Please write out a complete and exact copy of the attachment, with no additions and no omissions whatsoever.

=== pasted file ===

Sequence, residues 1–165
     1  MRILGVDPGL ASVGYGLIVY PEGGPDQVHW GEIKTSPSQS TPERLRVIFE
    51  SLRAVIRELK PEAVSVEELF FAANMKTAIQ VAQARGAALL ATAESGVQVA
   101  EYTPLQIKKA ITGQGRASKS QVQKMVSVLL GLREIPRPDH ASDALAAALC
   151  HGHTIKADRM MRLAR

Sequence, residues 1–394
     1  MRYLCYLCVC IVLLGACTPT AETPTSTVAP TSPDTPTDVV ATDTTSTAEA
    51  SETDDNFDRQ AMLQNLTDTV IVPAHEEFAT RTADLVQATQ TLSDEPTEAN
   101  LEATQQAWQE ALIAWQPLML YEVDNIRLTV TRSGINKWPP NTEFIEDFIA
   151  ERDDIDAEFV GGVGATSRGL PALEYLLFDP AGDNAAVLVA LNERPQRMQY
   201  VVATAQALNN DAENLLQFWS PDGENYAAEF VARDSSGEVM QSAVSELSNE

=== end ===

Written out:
Sequence, residues 1–165
     1  MRILGVDPGL ASVGYGLIVY PEGGPDQVHW GEIKTSPSQS TPERLRVIFE
    51  SLRAVIRELK PEAVSVEELF FAANMKTAIQ VAQARGAALL ATAESGVQVA
   101  EYTPLQIKKA ITGQGRASKS QVQKMVSVLL GLREIPRPDH ASDALAAALC
   151  HGHTIKADRM MRLAR

Sequence, residues 1–394
     1  MRYLCYLCVC IVLLGACTPT AETPTSTVAP TSPDTPTDVV ATDTTSTAEA
    51  SETDDNFDRQ AMLQNLTDTV IVPAHEEFAT RTADLVQATQ TLSDEPTEAN
   101  LEATQQAWQE ALIAWQPLML YEVDNIRLTV TRSGINKWPP NTEFIEDFIA
   151  ERDDIDAEFV GGVGATSRGL PALEYLLFDP AGDNAAVLVA LNERPQRMQY
   201  VVATAQALNN DAENLLQFWS PDGENYAAEF VARDSSGEVM QSAVSELSNE